Tatiana Suarez prepares to enter the Octagon before her women's strawweight bout against Amanda Cooper during The Ultimate Fighter Finale event at MGM Grand Garden Arena on July 8, 2016 in Las Vegas, NV (Photo by Jeff Bottari/Zuffa LLC)" align="center" />The win was as spectacular as Tatiana Suarez could have hoped for, a submission victory over Amanda Cooper in July 2016 that took less than four minutes and earned her The Ultimate Fighter 23 crown and a Performance of the Night bonus.
Then she disappeared as the strawweight division moved on without her. On Saturday, the 26-year-old returns to active duty when she faces fellow unbeaten Viviane Pereira in Norfolk, Virginia.
So where has the pride of Rancho Cucamonga been?
“I got injured so I had to take some time off to get surgery and rehabilitate my shoulder, so that's where I've been.”
It’s the bane of every fighter, the realization that the body just doesn’t care about how much momentum you’ve built up or how promising your career is. Sometimes, the body just has other ideas. In Suarez’ case, it was a particular blow, because after beating thyroid cancer, it had been smooth sailing for her healthwise and with her career, with TUF taking things to a new level for her both in terms of experience and notoriety.
“At first I was really bummed out because I felt I was on a roll,” she said of the time on the sidelines. “Before the UFC, I only had three professional fights, and for me, the show was the best thing because I could get this exposure, but at the same time I would get cage time and experience, which is important. A lot of times you can do stuff in practice, but it's completely different when all eyes are on you, there's people yelling, the crowd goes crazy even if you don't get hit hard and it gets you riled up. So that cage time is necessary.”
She’s back on the horse this weekend, but to get there, she had to make some adjustments in the gym, where she admits she can be a little “ruthless” in terms of going hard against anyone and everyone.
“Staying healthy is my number one now,” Suarez said. “I'm like a little spider monkey, I'm really crazy. (Laughs) And my coaches are like, 'Oh my goodness, you can only roll with certain people the week of your fight because we're so scared.' And that's even months in advance. They want to try and take care of me because I'm a little on the ruthless side and I have a tough time speaking up at times. I'll go into practice and somebody that's much bigger than me will ask me to roll and I'll say, ‘Yeah, sure.’ I don't care if they're 200 pounds. Now I'll say I probably shouldn't do that because I can get hurt. So it's been a wake-up call. If I want a long career, I need to be a lot smarter about my training and my training partners.”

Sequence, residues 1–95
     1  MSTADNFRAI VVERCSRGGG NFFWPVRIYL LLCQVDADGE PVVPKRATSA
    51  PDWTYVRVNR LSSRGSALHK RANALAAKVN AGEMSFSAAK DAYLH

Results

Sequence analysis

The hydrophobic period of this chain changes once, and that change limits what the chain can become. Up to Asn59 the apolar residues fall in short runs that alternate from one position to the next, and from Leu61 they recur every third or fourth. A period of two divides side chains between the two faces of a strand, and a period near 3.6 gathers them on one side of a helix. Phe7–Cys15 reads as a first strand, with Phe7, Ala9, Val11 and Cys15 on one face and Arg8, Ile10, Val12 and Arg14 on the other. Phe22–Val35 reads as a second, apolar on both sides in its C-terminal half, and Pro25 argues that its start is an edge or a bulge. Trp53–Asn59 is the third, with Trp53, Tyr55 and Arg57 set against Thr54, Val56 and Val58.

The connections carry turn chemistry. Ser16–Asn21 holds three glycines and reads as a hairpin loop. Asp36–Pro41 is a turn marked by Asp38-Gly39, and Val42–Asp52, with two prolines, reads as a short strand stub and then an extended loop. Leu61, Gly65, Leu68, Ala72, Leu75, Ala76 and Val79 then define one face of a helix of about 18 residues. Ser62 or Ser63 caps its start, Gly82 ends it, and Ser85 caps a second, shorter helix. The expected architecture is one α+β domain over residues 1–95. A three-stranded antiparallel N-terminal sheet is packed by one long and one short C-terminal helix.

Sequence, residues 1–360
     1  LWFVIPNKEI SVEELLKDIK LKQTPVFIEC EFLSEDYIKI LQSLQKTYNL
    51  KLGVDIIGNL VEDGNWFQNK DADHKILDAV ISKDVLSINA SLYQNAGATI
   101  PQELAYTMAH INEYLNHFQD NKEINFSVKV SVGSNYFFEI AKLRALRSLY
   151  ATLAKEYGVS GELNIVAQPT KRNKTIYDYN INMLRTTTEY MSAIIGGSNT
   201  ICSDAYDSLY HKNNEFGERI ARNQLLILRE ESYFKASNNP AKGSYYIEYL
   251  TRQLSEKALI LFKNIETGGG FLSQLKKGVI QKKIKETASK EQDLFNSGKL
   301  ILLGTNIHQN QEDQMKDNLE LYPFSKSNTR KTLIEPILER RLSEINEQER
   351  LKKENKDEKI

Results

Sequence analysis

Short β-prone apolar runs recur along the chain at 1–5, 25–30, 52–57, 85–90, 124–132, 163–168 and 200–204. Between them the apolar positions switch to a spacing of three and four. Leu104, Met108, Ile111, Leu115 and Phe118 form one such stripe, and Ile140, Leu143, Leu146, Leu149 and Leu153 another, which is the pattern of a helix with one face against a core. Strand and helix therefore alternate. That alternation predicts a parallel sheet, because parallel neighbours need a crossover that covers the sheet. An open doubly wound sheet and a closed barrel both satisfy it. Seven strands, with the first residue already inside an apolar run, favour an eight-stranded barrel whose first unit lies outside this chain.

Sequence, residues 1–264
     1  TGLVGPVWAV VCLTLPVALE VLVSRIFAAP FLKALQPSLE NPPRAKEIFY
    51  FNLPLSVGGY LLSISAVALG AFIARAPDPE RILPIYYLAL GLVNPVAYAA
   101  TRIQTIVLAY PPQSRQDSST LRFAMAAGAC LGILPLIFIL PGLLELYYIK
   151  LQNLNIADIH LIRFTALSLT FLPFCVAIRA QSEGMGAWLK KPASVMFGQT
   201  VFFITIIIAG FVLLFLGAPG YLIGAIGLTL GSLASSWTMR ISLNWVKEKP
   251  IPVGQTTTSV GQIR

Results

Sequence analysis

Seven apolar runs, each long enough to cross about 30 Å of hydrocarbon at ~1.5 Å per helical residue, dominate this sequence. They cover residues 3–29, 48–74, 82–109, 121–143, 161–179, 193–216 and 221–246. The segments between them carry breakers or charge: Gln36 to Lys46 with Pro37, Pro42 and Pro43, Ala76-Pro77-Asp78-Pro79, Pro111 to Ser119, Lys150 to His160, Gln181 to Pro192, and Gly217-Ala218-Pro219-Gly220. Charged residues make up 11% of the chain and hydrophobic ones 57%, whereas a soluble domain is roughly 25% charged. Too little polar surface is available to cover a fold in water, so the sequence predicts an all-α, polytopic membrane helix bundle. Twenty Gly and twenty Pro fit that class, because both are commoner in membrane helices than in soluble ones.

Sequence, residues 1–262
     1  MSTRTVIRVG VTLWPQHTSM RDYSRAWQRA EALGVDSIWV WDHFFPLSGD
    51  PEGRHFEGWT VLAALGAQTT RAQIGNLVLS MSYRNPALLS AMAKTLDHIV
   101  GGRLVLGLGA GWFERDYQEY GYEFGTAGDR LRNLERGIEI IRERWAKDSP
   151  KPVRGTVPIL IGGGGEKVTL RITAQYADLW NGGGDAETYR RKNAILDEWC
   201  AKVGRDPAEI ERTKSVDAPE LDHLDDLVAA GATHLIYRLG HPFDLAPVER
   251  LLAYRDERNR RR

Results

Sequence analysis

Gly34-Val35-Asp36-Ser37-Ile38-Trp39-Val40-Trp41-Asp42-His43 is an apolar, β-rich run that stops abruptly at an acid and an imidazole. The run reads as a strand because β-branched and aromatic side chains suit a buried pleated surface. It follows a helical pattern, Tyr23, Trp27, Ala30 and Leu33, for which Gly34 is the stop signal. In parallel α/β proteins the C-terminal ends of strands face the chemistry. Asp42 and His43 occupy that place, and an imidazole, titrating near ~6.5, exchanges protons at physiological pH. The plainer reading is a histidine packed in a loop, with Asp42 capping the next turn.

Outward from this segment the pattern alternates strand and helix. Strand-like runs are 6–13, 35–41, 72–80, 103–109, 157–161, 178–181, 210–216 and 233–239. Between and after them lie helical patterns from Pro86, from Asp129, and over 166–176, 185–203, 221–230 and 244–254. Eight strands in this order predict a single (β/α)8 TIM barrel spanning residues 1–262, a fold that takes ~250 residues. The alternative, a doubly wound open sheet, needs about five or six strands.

And now that she’s back and with this new attitude about training smarter, not harder, she can pick up where she left off against Brazil’s Pereira. A win in this clash of prospects could propel her into the top 15 in a weight class that looks a lot different after the introduction of the flyweight division and Rose Namajunas’ win over Joanna Jedrzejczyk last weekend to take the 115-pound title.
“I wouldn't say I was surprised, just because I believe that Rose's boxing is pretty good and she has a long range as well,” Suarez said of the UFC 217 upset. “I just think stylistically, it was a harder matchup for Joanna because Rose is very elusive. So I saw that it could happen, and it did.”
What it truly did was open the door for a lot of strawweights to take a quicker route to a title fight than they might have had with Jedrzejczyk on top of the heap and at the point where she would solely be taking the “big” fights. Suarez is one of those fighters, and while she isn’t rushing things she does have her sights on gold.
Kate Jackson during the filming of The Ultimate Fighter: Team Joanna vs Team Claudia at the UFC TUF Gym on March 2, 2016 in Las Vegas, Nevada. (Photo by Elliot Howard/Zuffa LLC)" align="left" />“Obviously, I want the belt, that's what everybody strives for,” she said. “No one walks into the gym and is like, 'I think I'm gonna settle for fifth-ranked.' No one does that. But it doesn't matter who's at the top. I'm not chasing somebody; I'm chasing becoming a better version of myself every single time I step into the cage. If you do the work and put in the time and make the sacrifices needed, you'll go out there and perform well. So, for me, I know my time will come. I just need to be patient and focus on the task at hand. If you're always looking at the future and not focusing on what's in front of you, a lot of times that's what will get you to lose focus on what's important at that time. I need to beat my next opponent and then see what happens from there.”
It all begins with her return on Saturday, one she’s waited over a year for. And though one would assume she would wish that fight night was here yesterday, that’s not the case because she’s just taking it all in.
“I like fight week, I like the whole thing behind it - the build-up, the weigh-in, everything like that,” she laughs. “I enjoy the experience, I like to be around all the people from the UFC, so I can wait a few more days. That's nothing compared to how long I've waited to get back. I'm excited, but I like everything before it too. Except for the weight cut.”